Munich Greeter

A royal dessert: Bavarian cream

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When talking about haute cuisine recipes, most people think of France as the cradle of fine cooking. But for once, it was the other way round – a Bavarian duke’s daughter introduced a dessert to the French haute cuisine. In culinary French, this recipe is called until today “crème bavaroise” (Bavarian cream), in Bavaria it is also known as “Rahmsulz” (jellied cream).
Basically, it is a vanilla cream bound with gelatine and mixed with a good portion of whipped cream. This mother of all creams can be varied widely – with chocolate, coffee powder, grated nuts, fresh fruits, liqueurs etc.
They say it was beautiful Isabeau de Bavière, daughter of the Bavarian duke Stephan, who brought the recipe to France as a sort of dowry. In 1385, she came to France to marry the French king Charles VI. Whether she introduced the fluffy dessert by preparing and serving it herself regularly to her husband and his minions, remains a historical mystery. Nevertheless, it is known that the period was a politically troubled one. So, between wars and diplomatic negotiations, something sweet was needed. To strengthen the nerves. Thus, the fluffy cream made its way into in the dessert kitchen and has held its place until this day.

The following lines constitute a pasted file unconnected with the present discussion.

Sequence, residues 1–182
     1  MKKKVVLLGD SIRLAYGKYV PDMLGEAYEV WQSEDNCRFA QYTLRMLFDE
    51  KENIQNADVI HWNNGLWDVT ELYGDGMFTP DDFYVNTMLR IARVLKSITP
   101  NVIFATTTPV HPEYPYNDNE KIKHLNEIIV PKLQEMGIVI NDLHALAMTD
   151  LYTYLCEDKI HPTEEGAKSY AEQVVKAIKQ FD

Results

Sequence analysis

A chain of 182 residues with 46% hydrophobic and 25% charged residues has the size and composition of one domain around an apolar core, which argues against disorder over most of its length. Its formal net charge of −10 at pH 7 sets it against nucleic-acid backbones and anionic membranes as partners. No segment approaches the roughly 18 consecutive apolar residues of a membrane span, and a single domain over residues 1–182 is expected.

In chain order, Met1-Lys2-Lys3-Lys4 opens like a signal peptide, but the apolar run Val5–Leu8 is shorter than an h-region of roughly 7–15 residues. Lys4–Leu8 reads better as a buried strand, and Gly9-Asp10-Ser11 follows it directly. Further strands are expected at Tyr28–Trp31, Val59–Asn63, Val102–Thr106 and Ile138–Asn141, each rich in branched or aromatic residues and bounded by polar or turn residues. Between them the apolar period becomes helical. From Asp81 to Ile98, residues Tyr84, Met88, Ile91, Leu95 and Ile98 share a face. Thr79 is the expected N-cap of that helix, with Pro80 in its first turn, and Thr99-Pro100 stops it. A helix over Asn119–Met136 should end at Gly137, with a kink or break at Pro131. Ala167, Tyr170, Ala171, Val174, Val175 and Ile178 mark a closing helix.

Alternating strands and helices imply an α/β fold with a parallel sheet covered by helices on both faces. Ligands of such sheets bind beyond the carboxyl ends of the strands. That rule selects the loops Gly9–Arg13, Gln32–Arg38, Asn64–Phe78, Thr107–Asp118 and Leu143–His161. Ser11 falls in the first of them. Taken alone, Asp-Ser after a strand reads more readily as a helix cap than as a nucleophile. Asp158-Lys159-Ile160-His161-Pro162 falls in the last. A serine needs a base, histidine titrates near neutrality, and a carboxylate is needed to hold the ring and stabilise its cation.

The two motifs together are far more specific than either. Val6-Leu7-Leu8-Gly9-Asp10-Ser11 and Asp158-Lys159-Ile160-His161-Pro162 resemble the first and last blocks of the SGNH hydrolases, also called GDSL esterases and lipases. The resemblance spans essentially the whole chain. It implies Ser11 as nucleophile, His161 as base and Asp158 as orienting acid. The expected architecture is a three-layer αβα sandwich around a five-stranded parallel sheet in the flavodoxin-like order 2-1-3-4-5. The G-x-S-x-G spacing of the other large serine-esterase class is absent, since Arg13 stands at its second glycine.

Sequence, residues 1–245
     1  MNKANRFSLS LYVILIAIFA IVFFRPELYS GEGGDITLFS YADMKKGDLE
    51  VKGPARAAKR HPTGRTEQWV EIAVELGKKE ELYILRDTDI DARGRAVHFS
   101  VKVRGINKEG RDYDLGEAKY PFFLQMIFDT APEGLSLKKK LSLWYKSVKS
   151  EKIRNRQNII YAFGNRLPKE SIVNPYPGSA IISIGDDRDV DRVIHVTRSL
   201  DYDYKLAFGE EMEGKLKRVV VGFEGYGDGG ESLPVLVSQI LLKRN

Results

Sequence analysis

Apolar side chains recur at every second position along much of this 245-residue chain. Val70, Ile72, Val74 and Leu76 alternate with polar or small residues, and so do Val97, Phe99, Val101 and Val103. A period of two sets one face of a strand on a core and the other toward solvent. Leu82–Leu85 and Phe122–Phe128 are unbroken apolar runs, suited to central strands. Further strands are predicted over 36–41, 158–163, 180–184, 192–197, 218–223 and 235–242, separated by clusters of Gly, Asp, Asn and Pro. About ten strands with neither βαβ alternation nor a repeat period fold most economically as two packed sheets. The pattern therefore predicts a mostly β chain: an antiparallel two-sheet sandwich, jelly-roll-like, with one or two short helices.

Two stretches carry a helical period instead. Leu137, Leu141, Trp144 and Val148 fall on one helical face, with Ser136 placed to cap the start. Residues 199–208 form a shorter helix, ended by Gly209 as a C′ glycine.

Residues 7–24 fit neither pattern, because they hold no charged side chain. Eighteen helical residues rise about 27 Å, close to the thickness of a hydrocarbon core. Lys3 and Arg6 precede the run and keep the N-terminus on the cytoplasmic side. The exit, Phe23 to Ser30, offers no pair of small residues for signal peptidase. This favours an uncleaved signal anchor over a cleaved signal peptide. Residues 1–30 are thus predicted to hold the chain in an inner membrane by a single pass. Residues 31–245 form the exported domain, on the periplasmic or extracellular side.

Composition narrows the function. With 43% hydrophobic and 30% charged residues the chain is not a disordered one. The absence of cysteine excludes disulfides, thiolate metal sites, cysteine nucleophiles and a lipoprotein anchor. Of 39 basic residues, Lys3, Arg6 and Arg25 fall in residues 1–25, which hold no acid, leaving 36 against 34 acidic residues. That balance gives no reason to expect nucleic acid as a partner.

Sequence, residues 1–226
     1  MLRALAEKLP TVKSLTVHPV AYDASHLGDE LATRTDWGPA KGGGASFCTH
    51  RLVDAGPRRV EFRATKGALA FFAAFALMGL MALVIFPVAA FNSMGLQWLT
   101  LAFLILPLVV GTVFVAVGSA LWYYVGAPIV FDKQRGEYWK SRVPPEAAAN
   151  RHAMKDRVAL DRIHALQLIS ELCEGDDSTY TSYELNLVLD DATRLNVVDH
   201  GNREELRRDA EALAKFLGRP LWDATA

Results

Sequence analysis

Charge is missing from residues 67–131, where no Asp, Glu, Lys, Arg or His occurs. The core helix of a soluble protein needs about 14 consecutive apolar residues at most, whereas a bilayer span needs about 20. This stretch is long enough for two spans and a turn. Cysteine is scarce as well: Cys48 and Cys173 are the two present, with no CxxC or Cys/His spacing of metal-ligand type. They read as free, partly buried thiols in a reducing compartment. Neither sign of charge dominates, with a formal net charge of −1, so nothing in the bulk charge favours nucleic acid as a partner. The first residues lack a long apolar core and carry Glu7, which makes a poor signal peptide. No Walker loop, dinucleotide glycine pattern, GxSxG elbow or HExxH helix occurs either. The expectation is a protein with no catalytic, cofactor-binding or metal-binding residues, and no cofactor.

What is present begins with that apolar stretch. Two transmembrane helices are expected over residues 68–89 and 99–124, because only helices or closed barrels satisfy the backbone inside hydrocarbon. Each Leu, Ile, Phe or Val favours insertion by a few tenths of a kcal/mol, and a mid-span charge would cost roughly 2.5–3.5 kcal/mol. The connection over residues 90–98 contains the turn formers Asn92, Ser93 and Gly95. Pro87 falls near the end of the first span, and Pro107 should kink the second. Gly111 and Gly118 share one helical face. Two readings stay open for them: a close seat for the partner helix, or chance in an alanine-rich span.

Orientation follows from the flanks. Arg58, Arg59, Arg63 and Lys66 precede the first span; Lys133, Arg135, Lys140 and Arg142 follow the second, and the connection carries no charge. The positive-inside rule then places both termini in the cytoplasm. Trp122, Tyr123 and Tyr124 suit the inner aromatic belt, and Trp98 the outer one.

And here is the recipe for 8 people:
1 vanilla bean
120 g sugar
0.5 l milk
4 egg-yolks
5 sheets of gelatine
0.5 l single cream
optional: some kirsch

Scratch the pulp out of the vanilla pod. Add pulp, vanilla pod and sugar to milk. Bring milk briefly to the boil. Stir egg-yolks in a separate bowl. Stir hot vanilla milk slowly into egg-yolks. Stir cream constantly in a hot bain-marie at 80 to 85 degrees Celsius until it thickens. Pass cream through a hair sieve and add soaked sheets of gelatine. Allow to cool down (to about 20 degrees Celsius), then fold in whipped cream. Season cream to taste with kirsch. Bon appetite!

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